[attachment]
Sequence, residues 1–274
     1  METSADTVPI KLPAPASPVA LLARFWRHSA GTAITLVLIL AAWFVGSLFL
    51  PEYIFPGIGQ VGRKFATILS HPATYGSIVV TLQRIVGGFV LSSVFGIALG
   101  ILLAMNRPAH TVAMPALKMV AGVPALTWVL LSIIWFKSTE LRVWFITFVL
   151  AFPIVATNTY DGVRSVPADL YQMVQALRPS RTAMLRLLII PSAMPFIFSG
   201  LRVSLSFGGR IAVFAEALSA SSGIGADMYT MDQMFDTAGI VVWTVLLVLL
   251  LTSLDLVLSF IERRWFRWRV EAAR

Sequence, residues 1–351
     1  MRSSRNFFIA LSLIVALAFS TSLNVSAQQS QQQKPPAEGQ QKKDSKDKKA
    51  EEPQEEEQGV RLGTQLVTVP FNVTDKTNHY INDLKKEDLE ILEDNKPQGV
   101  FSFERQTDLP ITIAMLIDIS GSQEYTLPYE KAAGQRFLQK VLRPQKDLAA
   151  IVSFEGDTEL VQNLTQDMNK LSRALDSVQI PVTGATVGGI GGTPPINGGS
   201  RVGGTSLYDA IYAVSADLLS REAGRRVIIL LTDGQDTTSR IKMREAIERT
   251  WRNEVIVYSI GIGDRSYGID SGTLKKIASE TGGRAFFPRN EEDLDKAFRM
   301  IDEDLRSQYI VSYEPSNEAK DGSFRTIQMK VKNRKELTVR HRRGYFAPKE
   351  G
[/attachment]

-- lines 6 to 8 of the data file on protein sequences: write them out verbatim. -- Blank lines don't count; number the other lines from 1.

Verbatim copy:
   201  LRVSLSFGGR IAVFAEALSA SSGIGADMYT MDQMFDTAGI VVWTVLLVLL
   251  LTSLDLVLSF IERRWFRWRV EAAR

Sequence, residues 1–351